Shashish Shami Kamal explains the reasons for the violent behaviour of Bangladeshi male students in tertiary education. His interviews show that culturally embedded practices give unilateral power to young men to judge women and girls. Men categorise women into binaries like ‘good’ and ‘bad’ according to their clothes and body language. Stalking is considered a part of the courtship process. The enactment of such practices determines a young man’s social position in the gender order. Thus gender-based violence is embedded in the quotidian practices of young men.  The Australian scholar Michael Flood has contributed a paper which critically examines initiatives that engage men in ending violence against women (VAW) in different parts of the world. He argues that the efficacy of such interventions is often dubious, especially as they are based on the false assumption that men can be unproblematically persuaded to believe they will benefit from progress towards gender equality. Efforts to involve men in preventing VAW would be more realistic if they were to emphasise the need to forego patriarchal privileges. The notion that working with men is the best way to change them is also wrong, as empowering women is an important prerequisite for altering unequal gender relations. 

Men often act as barriers to women’s reproductive rights and freedoms. Sana Contractor and her co-authors examine the masculine norms that shape men’s resistance to contraception. They share their experiences from a community intervention with men in central India, which was carried out with the help of two NGOs. The researchers point out that the fear of being ‘not man enough’ and losing sex drive are crucial reasons for men’s resistance to vasectomy. They suggest that men should be approached and involved as partners and carers, not only as targets of vasectomy. This calls for community-specific, multi-pronged interventions to correct the imbalance of responsibility in reproduction and family planning. 

Midwifery is almost universally seen as a female vocation. The notion that a man could never truly understand childbirth is widespread. However, the existence of male midwives goes a long way in breaking down such gender barriers. Sneha Makkad and Mira Sadgopal inquire into the role of men serving as indigenous midwives in a tribal district of Western India. The study delves deep into the interrelationship of the traditional huarku (male) and haurki (female) midwives. The findings of the robust survey and first-hand narratives presented by the authors reveal the commitment, knowledge, methods and ethics of conduct displayed by both male and female midwives. The case study breaks the masculinist stereotype and shows that midwifery has little to do with the sex or gender of the caregiver. 

Srđjan Dušanić systematically explores men’s understandings of paternal responsibility by analysing collected household survey data. The research conducted in Bosnia and Herzegovina shows suboptimal participation of men in childbirth and childcare. It concludes that such participation is shaped by early childhood experiences, the influence of wives, and a man’s feelings towards the household. The author suggests that the transition of Bosnia and Herzegovina to a capitalist order in the last thirty years has made men’s engagement in household activities and childcare more socially acceptable.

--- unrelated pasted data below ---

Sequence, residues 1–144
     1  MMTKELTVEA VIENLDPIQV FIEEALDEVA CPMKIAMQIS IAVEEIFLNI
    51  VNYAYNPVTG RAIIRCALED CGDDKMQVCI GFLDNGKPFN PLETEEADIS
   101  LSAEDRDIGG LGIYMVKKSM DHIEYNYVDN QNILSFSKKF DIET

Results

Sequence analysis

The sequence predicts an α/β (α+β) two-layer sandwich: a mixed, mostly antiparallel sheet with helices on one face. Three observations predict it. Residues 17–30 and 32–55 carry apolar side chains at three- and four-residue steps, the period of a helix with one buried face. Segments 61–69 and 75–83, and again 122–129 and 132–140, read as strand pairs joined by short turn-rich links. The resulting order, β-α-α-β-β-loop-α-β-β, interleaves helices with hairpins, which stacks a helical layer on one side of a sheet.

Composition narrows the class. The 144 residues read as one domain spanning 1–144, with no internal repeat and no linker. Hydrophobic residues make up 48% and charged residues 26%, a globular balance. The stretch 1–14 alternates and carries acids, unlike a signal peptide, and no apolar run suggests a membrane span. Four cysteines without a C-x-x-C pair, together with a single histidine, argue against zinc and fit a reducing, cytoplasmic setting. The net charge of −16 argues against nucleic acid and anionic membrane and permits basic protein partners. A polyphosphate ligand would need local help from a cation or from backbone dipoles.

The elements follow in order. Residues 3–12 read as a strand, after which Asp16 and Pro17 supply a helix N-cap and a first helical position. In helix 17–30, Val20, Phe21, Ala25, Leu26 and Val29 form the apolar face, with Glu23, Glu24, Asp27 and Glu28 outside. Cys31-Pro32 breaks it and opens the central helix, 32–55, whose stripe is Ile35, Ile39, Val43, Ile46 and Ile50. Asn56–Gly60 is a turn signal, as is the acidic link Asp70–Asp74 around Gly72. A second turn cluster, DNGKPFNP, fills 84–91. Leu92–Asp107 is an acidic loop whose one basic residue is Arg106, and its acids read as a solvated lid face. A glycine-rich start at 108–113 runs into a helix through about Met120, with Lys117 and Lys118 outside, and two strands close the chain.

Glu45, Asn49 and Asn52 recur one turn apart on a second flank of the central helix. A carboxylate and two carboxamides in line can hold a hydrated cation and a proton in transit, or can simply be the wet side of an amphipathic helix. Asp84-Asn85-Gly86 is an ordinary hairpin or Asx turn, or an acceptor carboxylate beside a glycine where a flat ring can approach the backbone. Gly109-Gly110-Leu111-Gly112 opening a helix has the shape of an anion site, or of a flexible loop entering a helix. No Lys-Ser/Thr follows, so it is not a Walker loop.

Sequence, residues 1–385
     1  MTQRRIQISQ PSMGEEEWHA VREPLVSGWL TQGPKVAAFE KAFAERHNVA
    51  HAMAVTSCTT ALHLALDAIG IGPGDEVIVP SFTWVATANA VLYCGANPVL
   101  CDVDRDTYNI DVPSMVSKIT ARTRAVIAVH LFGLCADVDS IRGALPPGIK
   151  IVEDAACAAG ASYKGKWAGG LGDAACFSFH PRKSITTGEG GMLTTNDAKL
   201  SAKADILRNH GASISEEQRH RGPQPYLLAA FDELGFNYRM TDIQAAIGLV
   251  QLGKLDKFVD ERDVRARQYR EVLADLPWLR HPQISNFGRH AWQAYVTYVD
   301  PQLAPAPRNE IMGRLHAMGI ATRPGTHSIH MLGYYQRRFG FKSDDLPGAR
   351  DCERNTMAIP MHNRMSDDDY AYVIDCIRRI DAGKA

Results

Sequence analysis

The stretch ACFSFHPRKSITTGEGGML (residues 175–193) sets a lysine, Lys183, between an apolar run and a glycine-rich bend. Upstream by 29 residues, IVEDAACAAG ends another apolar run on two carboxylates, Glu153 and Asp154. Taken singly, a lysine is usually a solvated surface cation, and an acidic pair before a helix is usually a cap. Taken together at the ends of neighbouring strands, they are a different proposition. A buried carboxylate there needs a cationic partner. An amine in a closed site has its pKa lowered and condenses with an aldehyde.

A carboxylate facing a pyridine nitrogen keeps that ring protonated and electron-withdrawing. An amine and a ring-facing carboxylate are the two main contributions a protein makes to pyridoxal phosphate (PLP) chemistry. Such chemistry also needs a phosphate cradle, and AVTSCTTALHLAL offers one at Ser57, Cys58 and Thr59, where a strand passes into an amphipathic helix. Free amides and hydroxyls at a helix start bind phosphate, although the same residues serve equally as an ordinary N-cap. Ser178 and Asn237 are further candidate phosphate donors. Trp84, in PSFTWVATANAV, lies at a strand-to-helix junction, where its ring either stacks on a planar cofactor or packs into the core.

The foregoing discussion of some representative papers clearly indicates that the book provides nuanced insights into the making and remaking of masculinities around the world. The plain writing style of most contributors makes the collection accessible to a broad readership. This is not to say that the book is without drawbacks. It does not cover research on masculinities in regions such as the Middle East, North Africa, East Asia, and the former Soviet Union. Most papers focus on micro issues rather than larger forces like the State and the Market, which shape masculinities. The juxtaposition of academic and activist perspectives sometimes seems discordant. The book also suffers from an unintended but jarring gender binarism. The book has covered the core themes in CMS; however, it has not explored the linkages between masculinity and some significant socio-political phenomena like fundamentalism, nationalism, race and caste.

 To summarise, Global Masculinities: Interrogations and Reconstructions offers a comprehensive, transdisciplinary account of current scholarship and activist initiatives on men and masculinities. It is the first book of its kind to have emerged from the global South and has an explicitly stated emancipatory intent. As Professor Mangesh Kulkarni has rightly observed in his editorial introduction, “the arduous task of dismantling patriarchy requires a two-pronged feminist intervention involving a sustained critique of hegemonic masculinities and direct mobilisation of men and boys for bringing about gender justice”.  The volume demonstrates how this can be achieved through theory and practice.